“Cinderella” (2006) – A.J. Hakari

Reality shows like “The Swan” and “I Want a Famous Face,” which center heavily around cosmetic surgery, are frightening enough on their own, without the world of cinema on hand to help. But the Korean chiller Cinderella is here to give the idea of changing one’s appearance out of sheer vanity a supernatural spin all its own. Admittedly, it’s a terrific premise ripe with oodles of potential to scare the bejeebers out of viewers while making a statement about society’s fascination with nipping and tucking. But you couldn’t tell that from actually seeing Cinderella, whose message is buried under frame upon frame of shoddy directing, ineffective scares, and one of the most dunderheaded scripts this side of an Uwe Boll production.


Hyun-su (Shin Se-kyung) is a typical high schooler who lives alone with her mother (Do Ji-won), a skilled plastic surgeon. Her mother’s occupation has definitely attracted the attention of her vain friends, all of whom go under the knife for a little facial sprucing-up. But tragedy strikes Hyun-su’s circle of friends when one of her schoolmates who had recently undergone surgery commits suicide by cutting up her face to shreds. Her surviving pals report hearing creepy whispers wherever they go, leading Hyun-su to believe that a supernatural force might be at work. As it turns out, she may be right after all, as a trip into her mother’s dark past turns up a horrifying secret that’s been kept from her for her entire life, leading her to believe that the skeletons in her mom’s closer have returned to settle a terrible score.


I apologize if the above summary is a bit on the skimpy side, but that’s what happens when a movie leaves you with jack-all in terms of plotting. Much like the recent Apartment 1303, the sort of “investigation” that lies at the heart of Cinderella doesn’t so much involve the actual uncovering of clues as it does big twists being flat-out explained to the heroine. But the trouble with Cinderella isn’t that the lead is a poor excuse for a detective; it’s that the viewers are the ones being spoon-fed the story’s most important information, with about two-thirds of the film dedicated to spelling the entire plot out for us instead of letting us tackle the situation on our own. Left to its own devices, the film is a gigantic mess, completely confused about itself and what it wants to be.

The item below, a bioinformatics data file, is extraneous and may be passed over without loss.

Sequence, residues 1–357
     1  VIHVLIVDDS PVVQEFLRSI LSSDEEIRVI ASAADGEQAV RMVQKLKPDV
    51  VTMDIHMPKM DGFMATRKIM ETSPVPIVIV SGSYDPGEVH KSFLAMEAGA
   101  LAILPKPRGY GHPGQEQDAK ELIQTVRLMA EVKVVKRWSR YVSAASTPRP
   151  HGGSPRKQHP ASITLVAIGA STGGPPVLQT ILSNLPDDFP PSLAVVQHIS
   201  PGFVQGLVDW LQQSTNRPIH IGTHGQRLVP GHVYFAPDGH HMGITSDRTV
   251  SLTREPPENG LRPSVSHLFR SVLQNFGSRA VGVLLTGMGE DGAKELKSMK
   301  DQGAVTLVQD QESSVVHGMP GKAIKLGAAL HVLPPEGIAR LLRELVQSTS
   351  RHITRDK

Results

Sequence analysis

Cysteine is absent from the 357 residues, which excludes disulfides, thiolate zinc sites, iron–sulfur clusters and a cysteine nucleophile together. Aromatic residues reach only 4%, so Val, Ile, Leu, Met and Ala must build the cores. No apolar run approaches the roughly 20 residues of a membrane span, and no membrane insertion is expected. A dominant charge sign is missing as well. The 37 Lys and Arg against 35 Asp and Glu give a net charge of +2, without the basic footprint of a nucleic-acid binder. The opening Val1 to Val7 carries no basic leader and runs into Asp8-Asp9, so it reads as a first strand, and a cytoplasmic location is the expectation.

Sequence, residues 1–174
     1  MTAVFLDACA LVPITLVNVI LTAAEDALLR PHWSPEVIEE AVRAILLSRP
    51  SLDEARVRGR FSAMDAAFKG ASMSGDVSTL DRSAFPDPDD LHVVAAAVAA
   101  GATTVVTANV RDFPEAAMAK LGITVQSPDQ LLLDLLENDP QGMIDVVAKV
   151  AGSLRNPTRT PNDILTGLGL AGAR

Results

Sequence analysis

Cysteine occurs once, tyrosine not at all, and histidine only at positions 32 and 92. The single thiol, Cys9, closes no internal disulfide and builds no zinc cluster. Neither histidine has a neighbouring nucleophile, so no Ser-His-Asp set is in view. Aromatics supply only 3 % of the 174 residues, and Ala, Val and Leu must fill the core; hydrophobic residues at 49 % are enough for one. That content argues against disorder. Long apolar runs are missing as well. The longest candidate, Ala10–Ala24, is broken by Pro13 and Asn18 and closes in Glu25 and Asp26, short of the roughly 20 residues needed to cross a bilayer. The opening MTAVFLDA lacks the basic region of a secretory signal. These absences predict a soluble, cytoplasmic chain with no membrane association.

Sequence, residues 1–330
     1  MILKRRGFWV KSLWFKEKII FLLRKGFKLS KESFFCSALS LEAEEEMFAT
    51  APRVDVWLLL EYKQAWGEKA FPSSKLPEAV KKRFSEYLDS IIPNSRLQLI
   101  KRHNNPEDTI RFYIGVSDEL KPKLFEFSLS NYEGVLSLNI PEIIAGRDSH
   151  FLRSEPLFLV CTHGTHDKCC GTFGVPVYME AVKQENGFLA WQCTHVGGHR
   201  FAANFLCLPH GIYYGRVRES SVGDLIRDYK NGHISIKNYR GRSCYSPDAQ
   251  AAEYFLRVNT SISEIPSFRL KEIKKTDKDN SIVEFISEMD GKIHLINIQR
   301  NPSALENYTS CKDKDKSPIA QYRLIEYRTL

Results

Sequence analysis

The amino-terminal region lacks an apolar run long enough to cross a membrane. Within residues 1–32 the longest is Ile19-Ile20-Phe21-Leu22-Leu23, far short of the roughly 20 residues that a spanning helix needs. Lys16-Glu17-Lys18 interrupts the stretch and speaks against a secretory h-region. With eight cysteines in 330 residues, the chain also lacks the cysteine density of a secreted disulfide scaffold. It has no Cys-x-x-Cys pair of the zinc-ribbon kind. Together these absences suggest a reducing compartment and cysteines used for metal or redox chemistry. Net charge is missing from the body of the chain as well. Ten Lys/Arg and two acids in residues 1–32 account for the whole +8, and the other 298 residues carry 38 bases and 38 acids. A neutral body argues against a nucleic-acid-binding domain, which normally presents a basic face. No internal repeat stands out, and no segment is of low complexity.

On the one hand, it’s a cautionary drama about family and to what extent one should pay for the price of beauty. Had it stayed on this track, Cinderella might have turned out to be a relevant and intriguing tale, but simultaneously, director Bong Man-dae tries to shove in as many traditional Asian horror elements as possible, none of which are well-established or executed well enough to leave a lasting impression. It leaves the story feeling even more cluttered and muddled than before, and as the story progresses, both we and even the filmmakers lose more and more interest in the proceedings. The lead characters are difficult to care about as a result, and the supporting characters are dispensable to an almost shocking degree. Shin Se-kyung’s performance as Hyun-su isn’t bad by any means, but there’s a definite lack of interest in her fate and that of those around her when the script has the characters essentially waiting for the ending credits bus to arrive.


Simply put, as a combination horror/drama, Cinderella is neither scary nor thematically alluring. It whizzes away whatever potential it has, thanks to a horrible sense of pacing and horrible sense of direction, in the end turning out to be pretty…well, horrible.


Rating: ★☆☆☆


-A.J. Hakari

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